As I'm temporarily separated from the rest of my group-mates, I continued with the laser cutting part of the micro plate reader. Today, I finalized the sketch for the right panel holder and its door and cutted the right panel with only few minor issues left.
This image shows the completed right panel and the front panel. The conjunction component provides versatility for the micro plate reader as a whole and it enables the door to move in 180 degrees. We also constructed the front side of the micro plate reader with the help of another student, as most of the laser cutting parts are done, we will enter the next section of the assembly next week.
As we continue to work on building the outer pieces of the plate reader that needs to be laser cutted. The main focus of the day was that we worked on 3D printing and installing several of the pieces crucial for the motor, the belt, and the plate holder to cooperate better. We had quite a tough time making slight changes to the plate holder,
the holder meant for holding samples in the future, since our plate reader's dimensions and the motors we are using more quite different from the original one. In addition, we also added a piece on top of a motor in order to adjust the height of the motor to make the belt stable and maintain the same elevation throughout. Overall it was quite a successful day as we were able to continue to progress and as we are becoming more and more skilled and confident with the tools we are using.
As we continue to progress, we kind of divided the tasks into the works related to laser cutting and actually assembling the laser-cutted pieces to the beams and the structures we already assembled. We used Inkscape to draw out the holes and the lines before we open the file in K40 Whisperer to laser cut the pieces. As it was our first time working to draw out the pieces, we inevitably made the mistake of cutting out holes that didn't really appear as it should be, perhaps off by 2 millimetres. However, we still managed to fit it in the beams, with great efforts to fit in the screws and to the drill the holes on the four sides, and that was our top panel done! In a similar fashion, we were also able to draw out the circles and lines that needs to the laser cutted for the bottom panel, but we wasn't able to cut it out because the thick boards needed for the bottom didn't arrive yet.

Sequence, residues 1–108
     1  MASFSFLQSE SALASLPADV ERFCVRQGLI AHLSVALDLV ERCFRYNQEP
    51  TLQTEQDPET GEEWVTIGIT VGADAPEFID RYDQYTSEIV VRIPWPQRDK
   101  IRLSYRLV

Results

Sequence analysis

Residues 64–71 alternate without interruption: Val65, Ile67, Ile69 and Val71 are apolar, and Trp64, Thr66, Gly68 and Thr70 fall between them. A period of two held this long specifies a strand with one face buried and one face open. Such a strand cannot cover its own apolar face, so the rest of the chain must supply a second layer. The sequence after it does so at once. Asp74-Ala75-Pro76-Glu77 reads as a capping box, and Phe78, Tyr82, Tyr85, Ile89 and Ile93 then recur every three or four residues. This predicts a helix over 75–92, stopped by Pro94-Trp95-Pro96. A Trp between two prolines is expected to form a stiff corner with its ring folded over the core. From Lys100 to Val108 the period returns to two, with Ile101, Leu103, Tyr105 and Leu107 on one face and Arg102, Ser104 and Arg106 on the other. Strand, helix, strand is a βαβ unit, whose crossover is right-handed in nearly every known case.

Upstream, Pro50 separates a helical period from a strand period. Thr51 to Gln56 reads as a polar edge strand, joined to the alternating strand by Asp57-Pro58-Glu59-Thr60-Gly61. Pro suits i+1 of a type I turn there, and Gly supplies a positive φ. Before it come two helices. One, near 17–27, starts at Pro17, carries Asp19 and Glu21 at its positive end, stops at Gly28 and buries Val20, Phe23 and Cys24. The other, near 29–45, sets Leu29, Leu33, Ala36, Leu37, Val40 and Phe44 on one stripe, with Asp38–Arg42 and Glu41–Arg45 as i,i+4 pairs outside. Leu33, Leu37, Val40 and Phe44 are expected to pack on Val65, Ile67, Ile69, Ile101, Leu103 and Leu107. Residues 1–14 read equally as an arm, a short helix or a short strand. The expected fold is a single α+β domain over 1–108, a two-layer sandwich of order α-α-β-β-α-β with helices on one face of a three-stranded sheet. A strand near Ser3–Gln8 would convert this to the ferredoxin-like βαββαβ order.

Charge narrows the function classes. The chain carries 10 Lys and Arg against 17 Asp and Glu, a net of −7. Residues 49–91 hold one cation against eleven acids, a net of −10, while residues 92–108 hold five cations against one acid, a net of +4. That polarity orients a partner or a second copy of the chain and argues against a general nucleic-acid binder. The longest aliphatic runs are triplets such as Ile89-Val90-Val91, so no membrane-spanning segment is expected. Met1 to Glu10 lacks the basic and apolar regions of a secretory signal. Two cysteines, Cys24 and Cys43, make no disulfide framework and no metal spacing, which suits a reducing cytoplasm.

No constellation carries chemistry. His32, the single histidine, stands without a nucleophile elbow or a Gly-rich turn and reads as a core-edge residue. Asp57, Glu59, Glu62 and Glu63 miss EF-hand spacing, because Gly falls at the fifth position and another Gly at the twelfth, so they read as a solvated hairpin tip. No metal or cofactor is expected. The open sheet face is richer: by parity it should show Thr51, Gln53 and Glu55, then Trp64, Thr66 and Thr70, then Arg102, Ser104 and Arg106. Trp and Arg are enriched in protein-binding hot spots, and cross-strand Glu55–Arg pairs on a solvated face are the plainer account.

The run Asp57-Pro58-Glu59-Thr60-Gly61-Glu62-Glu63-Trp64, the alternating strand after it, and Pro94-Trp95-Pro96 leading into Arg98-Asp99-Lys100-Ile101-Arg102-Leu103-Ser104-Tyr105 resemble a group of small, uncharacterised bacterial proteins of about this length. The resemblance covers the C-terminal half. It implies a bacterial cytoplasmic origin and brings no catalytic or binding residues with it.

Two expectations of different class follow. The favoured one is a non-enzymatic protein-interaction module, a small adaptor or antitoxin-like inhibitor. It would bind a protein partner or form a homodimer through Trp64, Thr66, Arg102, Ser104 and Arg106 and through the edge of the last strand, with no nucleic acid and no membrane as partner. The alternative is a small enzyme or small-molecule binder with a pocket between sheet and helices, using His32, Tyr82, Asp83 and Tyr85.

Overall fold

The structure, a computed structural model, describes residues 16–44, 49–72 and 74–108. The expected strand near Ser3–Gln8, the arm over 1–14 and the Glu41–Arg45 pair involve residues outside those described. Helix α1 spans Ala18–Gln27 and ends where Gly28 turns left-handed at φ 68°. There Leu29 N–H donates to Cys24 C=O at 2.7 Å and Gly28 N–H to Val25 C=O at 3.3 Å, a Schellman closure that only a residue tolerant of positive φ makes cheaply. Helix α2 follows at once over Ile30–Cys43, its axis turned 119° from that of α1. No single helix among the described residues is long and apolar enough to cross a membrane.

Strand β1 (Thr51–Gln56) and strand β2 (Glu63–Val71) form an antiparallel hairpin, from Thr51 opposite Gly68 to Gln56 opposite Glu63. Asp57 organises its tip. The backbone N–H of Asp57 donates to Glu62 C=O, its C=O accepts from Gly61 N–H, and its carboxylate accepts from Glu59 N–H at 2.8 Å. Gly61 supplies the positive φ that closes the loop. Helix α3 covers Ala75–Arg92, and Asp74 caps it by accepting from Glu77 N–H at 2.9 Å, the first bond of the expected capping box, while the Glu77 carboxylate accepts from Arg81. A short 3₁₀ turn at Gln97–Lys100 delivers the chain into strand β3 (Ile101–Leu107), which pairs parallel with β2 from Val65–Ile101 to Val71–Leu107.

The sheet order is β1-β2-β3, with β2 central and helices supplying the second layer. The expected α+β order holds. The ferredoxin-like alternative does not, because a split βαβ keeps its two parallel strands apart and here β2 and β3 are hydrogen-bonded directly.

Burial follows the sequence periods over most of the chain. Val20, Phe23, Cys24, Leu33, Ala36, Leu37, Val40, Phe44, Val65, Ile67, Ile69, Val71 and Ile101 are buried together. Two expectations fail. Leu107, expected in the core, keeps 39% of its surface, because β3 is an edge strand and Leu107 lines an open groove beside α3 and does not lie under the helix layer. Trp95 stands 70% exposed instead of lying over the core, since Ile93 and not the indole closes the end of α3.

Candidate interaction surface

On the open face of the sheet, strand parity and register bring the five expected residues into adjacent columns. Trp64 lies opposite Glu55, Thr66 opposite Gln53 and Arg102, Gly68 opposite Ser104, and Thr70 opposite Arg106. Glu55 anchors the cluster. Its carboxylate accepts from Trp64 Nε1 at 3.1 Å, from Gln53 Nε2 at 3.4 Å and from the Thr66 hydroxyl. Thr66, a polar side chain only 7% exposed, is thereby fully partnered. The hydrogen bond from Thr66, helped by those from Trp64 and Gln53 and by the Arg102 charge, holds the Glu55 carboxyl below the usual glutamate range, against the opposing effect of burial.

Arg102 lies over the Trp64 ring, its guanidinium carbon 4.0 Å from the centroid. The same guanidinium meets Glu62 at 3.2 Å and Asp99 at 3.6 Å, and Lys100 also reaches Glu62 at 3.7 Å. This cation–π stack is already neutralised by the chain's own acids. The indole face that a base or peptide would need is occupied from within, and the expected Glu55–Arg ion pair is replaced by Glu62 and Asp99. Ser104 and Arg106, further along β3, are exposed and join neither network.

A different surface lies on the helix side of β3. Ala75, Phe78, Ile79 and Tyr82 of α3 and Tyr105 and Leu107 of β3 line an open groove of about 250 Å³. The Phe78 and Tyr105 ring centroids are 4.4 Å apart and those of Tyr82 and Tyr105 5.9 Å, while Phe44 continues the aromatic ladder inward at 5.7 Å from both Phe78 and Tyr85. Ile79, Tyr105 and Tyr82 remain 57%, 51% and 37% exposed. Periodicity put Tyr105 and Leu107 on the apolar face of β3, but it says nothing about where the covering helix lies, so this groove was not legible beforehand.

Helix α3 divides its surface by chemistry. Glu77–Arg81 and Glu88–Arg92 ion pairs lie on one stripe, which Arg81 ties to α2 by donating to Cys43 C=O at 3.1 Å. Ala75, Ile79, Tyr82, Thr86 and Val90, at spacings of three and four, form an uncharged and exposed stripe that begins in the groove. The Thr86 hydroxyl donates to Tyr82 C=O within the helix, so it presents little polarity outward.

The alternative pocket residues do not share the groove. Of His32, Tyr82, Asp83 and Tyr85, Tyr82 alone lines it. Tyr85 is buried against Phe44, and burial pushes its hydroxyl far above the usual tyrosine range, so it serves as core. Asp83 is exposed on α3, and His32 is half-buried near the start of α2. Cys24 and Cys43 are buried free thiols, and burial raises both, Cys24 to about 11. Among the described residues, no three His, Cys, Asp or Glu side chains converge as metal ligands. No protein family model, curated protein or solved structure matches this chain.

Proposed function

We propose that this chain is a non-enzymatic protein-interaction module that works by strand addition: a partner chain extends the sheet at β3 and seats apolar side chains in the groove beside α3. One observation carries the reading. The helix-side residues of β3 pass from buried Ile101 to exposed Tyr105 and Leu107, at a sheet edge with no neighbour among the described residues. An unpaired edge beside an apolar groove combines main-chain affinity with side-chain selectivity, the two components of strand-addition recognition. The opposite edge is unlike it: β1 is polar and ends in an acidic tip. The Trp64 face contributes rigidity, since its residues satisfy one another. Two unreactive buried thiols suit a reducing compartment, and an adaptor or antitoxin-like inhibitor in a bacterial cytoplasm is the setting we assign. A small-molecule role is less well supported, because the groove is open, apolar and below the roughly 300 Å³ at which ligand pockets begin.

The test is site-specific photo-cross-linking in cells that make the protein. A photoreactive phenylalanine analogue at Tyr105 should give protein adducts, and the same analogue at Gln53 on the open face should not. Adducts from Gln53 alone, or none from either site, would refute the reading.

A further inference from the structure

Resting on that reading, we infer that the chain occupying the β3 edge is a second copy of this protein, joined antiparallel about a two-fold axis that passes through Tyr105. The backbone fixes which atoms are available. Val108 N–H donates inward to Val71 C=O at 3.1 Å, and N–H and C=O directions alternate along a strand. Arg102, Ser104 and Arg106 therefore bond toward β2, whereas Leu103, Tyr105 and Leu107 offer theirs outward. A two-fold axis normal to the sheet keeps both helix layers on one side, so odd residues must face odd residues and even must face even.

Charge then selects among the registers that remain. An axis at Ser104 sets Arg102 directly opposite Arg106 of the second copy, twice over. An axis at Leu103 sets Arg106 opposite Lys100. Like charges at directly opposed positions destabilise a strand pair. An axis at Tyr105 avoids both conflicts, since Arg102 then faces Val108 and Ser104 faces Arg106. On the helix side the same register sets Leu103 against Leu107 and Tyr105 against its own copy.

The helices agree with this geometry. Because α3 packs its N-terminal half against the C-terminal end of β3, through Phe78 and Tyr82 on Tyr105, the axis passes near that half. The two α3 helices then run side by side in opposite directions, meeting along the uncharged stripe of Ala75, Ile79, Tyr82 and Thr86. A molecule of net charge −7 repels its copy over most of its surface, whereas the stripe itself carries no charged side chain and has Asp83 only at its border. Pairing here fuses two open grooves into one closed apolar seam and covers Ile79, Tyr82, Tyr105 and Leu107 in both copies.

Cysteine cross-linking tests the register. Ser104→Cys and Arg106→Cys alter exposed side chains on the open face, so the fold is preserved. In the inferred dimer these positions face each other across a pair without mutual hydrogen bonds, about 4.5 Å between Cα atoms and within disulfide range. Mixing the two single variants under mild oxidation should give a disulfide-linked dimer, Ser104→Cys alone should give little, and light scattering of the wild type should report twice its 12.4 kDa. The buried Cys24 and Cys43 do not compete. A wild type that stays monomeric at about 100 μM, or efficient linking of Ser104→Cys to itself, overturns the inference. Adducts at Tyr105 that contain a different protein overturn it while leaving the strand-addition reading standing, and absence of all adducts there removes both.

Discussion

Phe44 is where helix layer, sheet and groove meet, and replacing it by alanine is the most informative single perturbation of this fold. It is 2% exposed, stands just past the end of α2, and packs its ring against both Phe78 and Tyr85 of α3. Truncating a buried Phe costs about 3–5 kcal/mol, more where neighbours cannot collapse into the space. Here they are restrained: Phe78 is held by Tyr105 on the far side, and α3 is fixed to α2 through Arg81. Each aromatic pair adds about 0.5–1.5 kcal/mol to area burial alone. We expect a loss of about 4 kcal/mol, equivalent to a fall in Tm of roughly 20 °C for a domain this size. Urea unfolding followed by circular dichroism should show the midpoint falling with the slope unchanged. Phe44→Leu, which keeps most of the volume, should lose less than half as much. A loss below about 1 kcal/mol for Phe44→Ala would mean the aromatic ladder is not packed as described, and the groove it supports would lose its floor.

For the first session of actually building the micro-plate reader, we started with the general structure of the micro-plate reader. We built the bottom and the supporting stands on the sides. It was sort of like building Lego pieces, only that we had to be more meticulous and to consider more about the distance between each piece. Afterwards, we experienced the technology of laser cutting and then we worked on transforming the origin distance of the pieces of the guide to our own version, since some of the materials we used had different dimensions when comparing to the original layout.